Many of us grew up with the ubiquitous Nutrition Facts label on the side of most packages of food. Some of you may remember that it came into existence in 1991 when it became required of food manufacturers under the Nutrition Labeling and Education Act of 1990.
Unfortunately for everyone, the Nutrition Facts label is mostly meaningless. Except for the rare instance where you may desire to know exactly how many grams of fat, protein, or carbohydrates may be in a particular labelled food, the Nutrition Facts label does basically nothing.
The Serving Size is typically too small and unrealistic. You’ll notice this when a label says a serving is 6 Oz. of fluid or 2 Tbsp. of peanut butter.
The percentages mean absolutely nothing because they are based on an entirely arbitrary system that dictates how much of a certain macronutrient or vitamin you should obtain every day. In actuality, the minimums they have set are just enough to stave off malnourishment and symptoms of deficiency. You could easily consume 300% of the Recommended Daily Allowance (RDA) of Saturated Fat or some vitamin and still remain perfectly healthy. They recommend 2000 or 2,500 kcal/day for everyone and 25-30g of fiber/day for everyone. I eat far more calories and far less fiber as did many primitive, healthy Homo Sapiens.
It’s arbitrary and meaningless; not proven scientific fact. What matters most is not how much sodium in milligrams or saturated fat in grams you ingest but the type of foods you are eating. It is doing nothing but distracting people from the bigger picture.
The saving grace
Most packages of food do normally contain some useful information, however, under Ingredients.
A great deal of knowledge can be had from an Ingredients list. Now you can see precisely what is being put into your food. I may not be very interested in how much fat the government says I should eat and what percent of that total I’m arriving at by eating a “serving size”, but I do want to know if there’s been any cottonseed oil mixed in because that is a type of fat I want none of.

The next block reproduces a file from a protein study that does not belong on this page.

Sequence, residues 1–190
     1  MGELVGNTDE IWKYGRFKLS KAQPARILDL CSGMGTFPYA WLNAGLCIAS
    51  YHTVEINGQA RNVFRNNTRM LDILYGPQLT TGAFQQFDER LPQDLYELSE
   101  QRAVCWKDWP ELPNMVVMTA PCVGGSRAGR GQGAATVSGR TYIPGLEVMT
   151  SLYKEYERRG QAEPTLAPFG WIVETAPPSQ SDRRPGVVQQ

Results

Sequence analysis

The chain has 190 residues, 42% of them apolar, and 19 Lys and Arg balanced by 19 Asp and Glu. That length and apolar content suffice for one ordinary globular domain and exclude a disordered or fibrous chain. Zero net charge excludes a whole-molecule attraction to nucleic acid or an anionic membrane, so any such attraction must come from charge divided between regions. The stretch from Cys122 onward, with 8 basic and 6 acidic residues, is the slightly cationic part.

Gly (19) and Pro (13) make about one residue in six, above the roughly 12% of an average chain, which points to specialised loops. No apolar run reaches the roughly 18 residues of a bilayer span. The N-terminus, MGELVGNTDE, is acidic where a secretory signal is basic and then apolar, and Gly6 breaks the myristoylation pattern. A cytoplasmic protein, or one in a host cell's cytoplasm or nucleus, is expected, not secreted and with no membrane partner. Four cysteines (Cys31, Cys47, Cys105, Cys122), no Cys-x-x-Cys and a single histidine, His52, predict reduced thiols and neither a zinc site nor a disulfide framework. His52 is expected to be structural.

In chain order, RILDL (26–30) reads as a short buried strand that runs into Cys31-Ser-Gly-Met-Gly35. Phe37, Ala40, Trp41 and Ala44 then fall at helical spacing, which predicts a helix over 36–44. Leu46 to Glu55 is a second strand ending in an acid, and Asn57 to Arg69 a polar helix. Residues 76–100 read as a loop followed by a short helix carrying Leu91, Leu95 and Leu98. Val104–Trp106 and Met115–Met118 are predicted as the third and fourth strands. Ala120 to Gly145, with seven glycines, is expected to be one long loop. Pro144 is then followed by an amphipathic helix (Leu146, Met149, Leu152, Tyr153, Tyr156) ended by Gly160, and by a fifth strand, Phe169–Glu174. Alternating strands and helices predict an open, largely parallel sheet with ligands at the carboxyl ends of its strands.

So, when you look at the Nutrition Facts label on a box of food, you can basically do this:
Now we have it down to the useful information. You just want to know the ingredients in your food. You want to know the type of food and source of those nutrients. That will give you all the information you will ever need. You need to know if the ingredients are “paleo” human food or not. Nothing else really matters.
Always read Ingredients.
You will often catch manufacturers slipping garbage like sugar and vegetable oil in. I find labels like this all the time. This is one that I read on a bag of cashews. You think you’re just buying a bag of cashews? Think again! On this particular label they don’t even know which oil they’ve dumped in. (Peanut, cottonseed, canola, and/or soybean…we’re not sure. Whatever.)
What good is the Nutrition Facts label if it doesn’t really tell me that there is garbage vegetable oil mixed in?
I don’t care if there is 10g of polyunsaturated fat in there, I want to know if it’s coming from real food or not.
You want to know where the fat, protein, carbs, vitamins and minerals are coming from, not a simple raw total of each.
The government would have you believe that your body is kind of like any machine. The manual says 5 quarts of oil is required so we dump 5 quarts in. Doesn’t matter where it came from. While in a car you may get away with using mineral or synthetic, you probably wouldn’t want to dump vegetable oil in.
Your body is even more fine tuned than a car so treat it that way. Pay attention to the type and source.
The source, type, and quality of foods is far, far more important than the simple sum total of fats, protein, and carbs you eat in a day.
Ignore the Nutrition Facts. Read the ingredients.
Don’t eat trash. Make sure the ingredient list is free of grains, dairy, refined sugars, and vegetable oils (canola, soybean, cottonseed, corn, sunflower, safflower, peanut.)
Eat real, whole food and stop suffering.